The Knoll’s concept sets itself up very well for Par 3 play, and several great examples exist around the world. The headliner is “Het Girdle” the 5th at Gleneagles King’s course, where Braid one-upped his original, both in terms of challenge and aesthetics. Rather than one bunker, Braid placed three deep bunkers into the front of the hill. A fourth bunker out front serves a “Shelly” purpose for those truly spooked at the tee. The trick is not to be fooled into missing long. Although the second-cut will probably slow down a hot downhill chip before it rolls into a front bunker, players shouldn’t test the odds. Left and right are the places to miss...but they aren’t much better than the don’t-miss places. Coming away with a par without also achieving GIR is unlikely.
Gleneagles King's course 5th hole
One concept traditionally attached to Donald Ross is the “Volcano” idea, which is essentially a “Knoll” Par 3. Sometimes the Scot would use one of his signature crowned greens for particular challenge, but the “Pulpit” hole at the Country Club of Buffalo is more traditional. The course sits atop an old quarry, and Ross dealt with a large rock formation by covering it with soil and adding a green. Playing 186 yards, No. 6 features a bunker at the right, as with Scotscraig, as well as an apron of fairway. Although this last element sounds friendly, it also encourages tee shots just a touch short to roll back down the steep grade, potentially to the bottom of the hill. Those who go too far will find an even less gracious up-and-down waiting. The lumpy limestone base creates a curious mess of bumps and humps at the back, a virtual Plinko board for overlong shots. Where you end up is anyone’s guess.
Country Club of Buffalo 6th hole - image courtesy of the CC of Buffalo
MAYBE… MAYBE NOT
Defining a “Knoll” is simple. Defining what is not a “Knoll” is less so. We understand that the green must be on a hill, which slopes away in all directions. But in the “Golden Age” of golf course architecture, raised greens of this ilk were common. Where does one draw the line? We’re opting to draw the line in terms of height. Does the amount of elevation from fairway-to-green live up to the challenge set by Braid at Scotscraig?
Consider the “Knoll” No. 14 at Yale. This one takes some special explanation because it is not named after the “Knoll” template at all. The title hill is actually set on the left side of the fairway, providing any number of odd lies and sporadic bounces from the tee. That said, Charles Banks acknowledged Scotscraig’s “Westward Ho” was indeed the inspiration for the hole. The green is raised and slopes down from all sides, but we would contend its eventual height doesn’t quite pack the punch of Macdonald’s effort at Piping Rock.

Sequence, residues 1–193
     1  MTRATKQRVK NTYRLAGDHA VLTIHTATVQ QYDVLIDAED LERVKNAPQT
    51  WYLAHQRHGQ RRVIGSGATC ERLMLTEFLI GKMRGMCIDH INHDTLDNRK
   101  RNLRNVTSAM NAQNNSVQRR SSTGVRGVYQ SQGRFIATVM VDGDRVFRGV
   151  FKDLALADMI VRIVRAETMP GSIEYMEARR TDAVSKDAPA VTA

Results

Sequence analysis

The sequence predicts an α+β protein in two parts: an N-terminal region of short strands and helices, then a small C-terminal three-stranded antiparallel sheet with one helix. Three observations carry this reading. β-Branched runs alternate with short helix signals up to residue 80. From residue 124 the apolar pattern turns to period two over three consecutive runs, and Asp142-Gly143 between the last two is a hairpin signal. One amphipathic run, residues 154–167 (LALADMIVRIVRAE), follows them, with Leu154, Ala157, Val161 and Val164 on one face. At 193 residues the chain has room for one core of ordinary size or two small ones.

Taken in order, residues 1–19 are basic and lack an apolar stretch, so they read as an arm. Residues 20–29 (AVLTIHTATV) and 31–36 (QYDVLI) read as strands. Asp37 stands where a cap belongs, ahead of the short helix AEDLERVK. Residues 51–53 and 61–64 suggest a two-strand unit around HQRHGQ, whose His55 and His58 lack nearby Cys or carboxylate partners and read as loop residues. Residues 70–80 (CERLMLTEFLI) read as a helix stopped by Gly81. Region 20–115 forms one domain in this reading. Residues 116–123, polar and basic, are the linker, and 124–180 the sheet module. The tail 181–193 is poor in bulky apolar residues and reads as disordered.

Yale golf course 14th hole - image courtesy of John Sabino
Sleepy Hollow Country Club receives a similar rebuff, although it should be noted that its current “Knoll” hole No. 9 (“Katrina’s Glen”) was not a contribution from Macdonald, Raynor or Tillinghast. Rather, Gil Hanse recommended upon his renovation that the club be restored to a 100% Macdonald vision. Thus Hanse replaced Tillinghast’s contributions and built a hole on the south end of the property that was relatively similar to Yale’s “Knoll,” albeit with a wobbling green more in line with his own at Streamsong Black.
Sleepy Hollow Country Club 9th hole - image courtesy of Gil Hanse
And, finally, to continue Tillinghast’s bad luck, we’re also going to rule out his contribution at Baltimore Country Club, both in terms of the green’s height and also due to a curiosity off of the tee. Players must cross a fairway crest to reach the presumed landing area. “Presumed” because, at 235 yards from the back tee and 220 yards from the green, it’s not so bad a thought for a skilled player to lay up to the top of the crest and play downhill to the green, rather than make an uphill approach from down in the “presumed” area. Needless to say, a downhill approach takes “Knoll” off the table.